Voice Of The Fan: Greatest Late Round Draft Pick


Who is the greatest late round draft choice (after round 7) in Dolphins history?


Michael Brothers - sheddawgs.com 

There have been some great late round draft picks over the years. Mark Clayton (1983, 8th round) and Jake Scott (1970, 7th round) come to mind right off the bat, but my personal favorite is Jim "Crash" Jensen (1981. 11th round). There are not many players selected after the 7th round that impact their team in as many ways as Crash did and he came in the 11th round! From making critical third down plays to scoring touchdowns to throwing touchdowns, Crash did it all and did it with flair. A fan favorite and certainly one of my all-time favorites, it's hard to imagine getting that value at such a late pick.

Chris Shashaty, Phins.com 

It's very rare to find a Hall of Fame worthy talent in the 8th round, but that's exactly what the Dolphins got when they drafted Mark Clayton (1983, 8th round) in 1983. After spending his rookie year learning from Nat Moore, another HOF worthy wide receiver, Clayton's career took off. One of Dan Marino's favorite targets, he's the team's all-time leader in receptions. His numbers overall compare quite favorably to wide receivers already in the HOF. If Lynn Swann and John Stallworth are in the Hall, Clayton will have to be too. 

Dave Buchler, Finatics.com 

My pick would be Mark Clayton (1983, 8th round). Clayton has gone down in Dolphins history as one of their best wide receivers and not to mention, a huge reason why Dan Marino was the success that he was with Clayton being one of his favorite targets. 

Mike Oliva, DolphinsTalk.com 

In my opinion, the greatest late round draft choice in Dolphins history has been Mark Clayton (1983, 8th round). I will admit I am a little biased as I just recently had Mark on our DolphinsTalk.com Podcast as a guest and he was a super nice guy to chat with and meet. The numbers though do speak for themselves; 81 receiving touchdowns for the Dolphins, 5-time Pro Bowl selection, just under 9,000 receiving yards, and a borderline Hall of Fame wide receiver. Most early round draft picks at wide receiver do not have that type of production in a career, Mark did that being an 8th round draft pick.


Dave Gray, TheDolphinsMakeMeCry.com 

Jake Scott (1970, 7th round) was one of the best safeties to ever play the game, a key member of the undefeated team and a Super Bowl MVP, where he got two interceptions in a game we won by a touchdown. Not bad for a 7th rounder. 

Eldon Jenson, Phinmaniacs.com 

In my humble opinion, the best late-round (7th round or later) player ever drafted by the Dolphins was safety Jake Scott (1970, 7th round). Scott was the original #13 for Miami and was almost as decorated as the next guy to wear that number, notching five Pro Bowls and five All-Pro nods in his nine seasons with the Dolphins and Washington Redskins (1976-78). He and Dick Anderson teamed up to form one of the most formidable defensive backfields in football. He recorded two interceptions in Super Bowl VII, and won the MVP for that game (Nick Buoniconti and Larry Csonka both said at the time that Manny Fernandez should have won). He finished his career with 49 interceptions and 13 fumble recoveries.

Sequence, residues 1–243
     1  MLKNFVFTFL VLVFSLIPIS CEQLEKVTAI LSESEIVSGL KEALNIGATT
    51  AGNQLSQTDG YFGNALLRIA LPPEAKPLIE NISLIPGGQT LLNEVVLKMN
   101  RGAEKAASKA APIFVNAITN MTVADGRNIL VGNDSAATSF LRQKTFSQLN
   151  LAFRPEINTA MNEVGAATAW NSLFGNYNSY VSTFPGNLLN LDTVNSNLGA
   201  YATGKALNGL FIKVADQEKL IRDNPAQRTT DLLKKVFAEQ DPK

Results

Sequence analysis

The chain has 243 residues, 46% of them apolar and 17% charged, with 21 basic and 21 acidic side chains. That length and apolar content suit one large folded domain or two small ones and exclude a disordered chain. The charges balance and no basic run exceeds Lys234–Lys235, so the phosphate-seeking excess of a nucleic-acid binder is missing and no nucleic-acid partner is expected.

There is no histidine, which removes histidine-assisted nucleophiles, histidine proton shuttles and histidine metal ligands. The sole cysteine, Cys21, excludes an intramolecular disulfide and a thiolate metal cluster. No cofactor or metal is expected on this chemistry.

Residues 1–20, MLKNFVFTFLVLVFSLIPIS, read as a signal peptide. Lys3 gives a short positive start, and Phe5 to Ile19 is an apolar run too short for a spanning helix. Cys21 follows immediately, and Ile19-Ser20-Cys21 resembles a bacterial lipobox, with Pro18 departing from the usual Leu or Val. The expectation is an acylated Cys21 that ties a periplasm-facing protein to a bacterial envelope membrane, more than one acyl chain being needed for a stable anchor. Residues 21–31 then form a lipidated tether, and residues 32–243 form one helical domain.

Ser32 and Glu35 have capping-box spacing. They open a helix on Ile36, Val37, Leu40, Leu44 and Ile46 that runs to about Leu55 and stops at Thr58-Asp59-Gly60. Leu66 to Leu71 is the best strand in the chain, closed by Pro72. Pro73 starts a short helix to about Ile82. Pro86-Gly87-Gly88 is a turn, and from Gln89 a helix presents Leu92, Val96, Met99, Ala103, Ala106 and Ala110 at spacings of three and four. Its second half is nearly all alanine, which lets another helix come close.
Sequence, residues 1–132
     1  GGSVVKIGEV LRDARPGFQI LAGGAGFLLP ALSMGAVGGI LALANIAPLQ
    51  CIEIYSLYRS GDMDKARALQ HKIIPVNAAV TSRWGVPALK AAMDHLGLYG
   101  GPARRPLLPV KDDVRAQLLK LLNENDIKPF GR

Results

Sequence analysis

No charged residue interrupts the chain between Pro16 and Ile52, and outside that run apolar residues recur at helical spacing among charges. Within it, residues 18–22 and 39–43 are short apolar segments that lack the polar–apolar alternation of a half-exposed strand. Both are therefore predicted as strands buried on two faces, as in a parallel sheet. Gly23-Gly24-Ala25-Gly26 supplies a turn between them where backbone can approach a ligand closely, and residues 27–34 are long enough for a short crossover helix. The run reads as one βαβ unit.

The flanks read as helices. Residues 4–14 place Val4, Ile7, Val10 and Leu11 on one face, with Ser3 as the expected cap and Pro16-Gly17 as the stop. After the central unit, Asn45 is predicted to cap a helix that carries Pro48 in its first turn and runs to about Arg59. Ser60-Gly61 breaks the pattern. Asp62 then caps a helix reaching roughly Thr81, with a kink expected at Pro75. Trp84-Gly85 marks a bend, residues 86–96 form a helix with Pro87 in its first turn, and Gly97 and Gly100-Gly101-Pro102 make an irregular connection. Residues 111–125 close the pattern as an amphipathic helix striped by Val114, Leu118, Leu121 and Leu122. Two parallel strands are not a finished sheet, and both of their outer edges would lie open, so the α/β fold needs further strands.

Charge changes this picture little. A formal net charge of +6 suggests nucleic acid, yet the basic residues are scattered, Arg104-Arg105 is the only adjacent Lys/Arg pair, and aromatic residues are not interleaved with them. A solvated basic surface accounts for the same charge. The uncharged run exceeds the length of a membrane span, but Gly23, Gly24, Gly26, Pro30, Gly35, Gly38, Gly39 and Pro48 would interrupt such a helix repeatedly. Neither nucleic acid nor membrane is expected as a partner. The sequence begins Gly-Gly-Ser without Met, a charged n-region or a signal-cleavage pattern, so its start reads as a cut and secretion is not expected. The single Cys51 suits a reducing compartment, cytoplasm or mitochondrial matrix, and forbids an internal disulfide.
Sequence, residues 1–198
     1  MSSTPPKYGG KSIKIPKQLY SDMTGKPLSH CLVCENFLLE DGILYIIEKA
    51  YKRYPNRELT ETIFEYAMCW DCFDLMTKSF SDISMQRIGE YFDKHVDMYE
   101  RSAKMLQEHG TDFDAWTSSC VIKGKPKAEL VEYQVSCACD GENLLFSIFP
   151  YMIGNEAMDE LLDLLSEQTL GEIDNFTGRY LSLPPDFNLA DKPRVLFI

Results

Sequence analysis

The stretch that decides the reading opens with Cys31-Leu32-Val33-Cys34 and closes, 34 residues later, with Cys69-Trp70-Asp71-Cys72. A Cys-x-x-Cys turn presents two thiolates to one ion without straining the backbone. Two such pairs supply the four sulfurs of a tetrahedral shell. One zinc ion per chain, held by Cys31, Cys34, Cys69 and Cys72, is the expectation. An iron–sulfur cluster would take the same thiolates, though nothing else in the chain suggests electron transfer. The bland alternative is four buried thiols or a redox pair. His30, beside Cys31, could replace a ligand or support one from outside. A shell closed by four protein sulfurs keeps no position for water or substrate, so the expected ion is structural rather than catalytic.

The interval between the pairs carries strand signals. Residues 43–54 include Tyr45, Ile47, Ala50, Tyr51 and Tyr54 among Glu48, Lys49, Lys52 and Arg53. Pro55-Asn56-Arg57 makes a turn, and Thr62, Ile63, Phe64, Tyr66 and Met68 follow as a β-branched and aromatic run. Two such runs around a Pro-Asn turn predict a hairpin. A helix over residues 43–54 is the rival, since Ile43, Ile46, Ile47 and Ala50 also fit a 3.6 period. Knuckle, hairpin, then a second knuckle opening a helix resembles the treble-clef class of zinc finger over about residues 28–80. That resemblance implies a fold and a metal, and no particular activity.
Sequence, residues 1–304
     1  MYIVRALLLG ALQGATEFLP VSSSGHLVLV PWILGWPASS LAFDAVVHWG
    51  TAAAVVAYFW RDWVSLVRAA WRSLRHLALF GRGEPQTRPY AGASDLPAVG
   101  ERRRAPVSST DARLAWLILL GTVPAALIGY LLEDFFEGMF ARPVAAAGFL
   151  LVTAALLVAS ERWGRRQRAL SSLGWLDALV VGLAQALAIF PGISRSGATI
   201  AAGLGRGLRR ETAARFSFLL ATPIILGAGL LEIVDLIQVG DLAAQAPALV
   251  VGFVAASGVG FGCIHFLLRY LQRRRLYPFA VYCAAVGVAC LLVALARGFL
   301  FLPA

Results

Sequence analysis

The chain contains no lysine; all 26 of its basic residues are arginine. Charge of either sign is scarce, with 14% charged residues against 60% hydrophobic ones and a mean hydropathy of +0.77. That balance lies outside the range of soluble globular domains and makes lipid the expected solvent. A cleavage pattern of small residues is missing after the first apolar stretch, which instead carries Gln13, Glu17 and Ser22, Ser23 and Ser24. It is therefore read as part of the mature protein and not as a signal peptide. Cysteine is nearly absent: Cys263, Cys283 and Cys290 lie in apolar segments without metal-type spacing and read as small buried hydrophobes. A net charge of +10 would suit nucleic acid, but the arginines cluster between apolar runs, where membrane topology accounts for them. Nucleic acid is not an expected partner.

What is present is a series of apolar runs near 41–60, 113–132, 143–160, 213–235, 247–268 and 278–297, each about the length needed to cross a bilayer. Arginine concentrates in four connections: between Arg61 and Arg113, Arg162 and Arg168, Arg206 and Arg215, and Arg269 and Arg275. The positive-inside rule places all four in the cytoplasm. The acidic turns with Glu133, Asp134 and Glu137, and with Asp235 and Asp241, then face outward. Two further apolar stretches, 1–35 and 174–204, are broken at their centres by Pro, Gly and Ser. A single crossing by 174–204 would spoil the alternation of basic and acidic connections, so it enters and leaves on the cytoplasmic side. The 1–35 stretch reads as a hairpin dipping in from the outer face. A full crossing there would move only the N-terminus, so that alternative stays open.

Kevin Nogle, The Phinsider 

There are really a lot of players who can be the right answer to this question: Vern Den Herder (1971, 9th round), Bruce Hardy (1978, 7th round), David Woodley (1980, 8th round), Jim Jensen (1981. 11th round), etc., etc. I think the answer comes down to two players: Mark Clayton (1983, 8th round) or Jake Scott (1970, 7th round). Both players are five-time Pro Bowl selections. Clayton played for 10 years with the Dolphins, while Scott played six seasons in Miami. I do not think there is a wrong answer if you go one way or the other here. I will select Scott as my choice - as much as I want to pick Clayton - because Scott adds two first-team All-Pro selections, two Super Bowl championships, and, really, could be a candidate to have his number retired by the team - if not for another player who wore 13 for Miami.


Brian Miller, Phinphanatic 

There are a lot of great players taken after round 7 in Dolphins history, but few enjoyed 11 seasons with the team. Howard Twilley (1966, 12th round) was not only taken in the Dolphins first draft, but he spent his entire career in Miami. He played in 11 playoff games and three Super Bowls. While not flashy, Twilley was reliable and consistent on a team that would feature Hall of Famer Paul Warfield. 

Paul L. Picken, Jr., On The FinSide 

Wow. There are so many great choices for this one from guys like Mark Clayton (1983, 8th round, Jim Jensen (1981. 11th round), Jeff Cross (1988, 9th round), Harry Galbreath (1988, 8th round) and Joe Rose (1980, 7th round), but I can't see how it could go to anyone more than Jake Scott (1970, 7th round). The first thought is that while Dan Marino is easily the greatest player in franchise history, the fact speaks volumes that Jake enters the conversation when you talk about the greatest player in the organization to wear #13. He was the MVP for Super Bowl VII recording two interceptions and was a key cog in Super Bowl VIII when he recovered two fumbles. The added dimension he had returning punts and kicks just added to his value to the team and he's easily one of the greatest players in Dolphins history.


Ron Weiss, Rons World Of Miami Dolphins 

For me this is an easy choice in Jim "Crash" Jensen (1981. 11th round). Originally drafted as a quarterback, he played so many positions and did it better than everyone. He got the nickname "Crash" from delivering big hits on special teams and he also was Mr. 3rd Down as Dan Marino would rely on him to get the first down.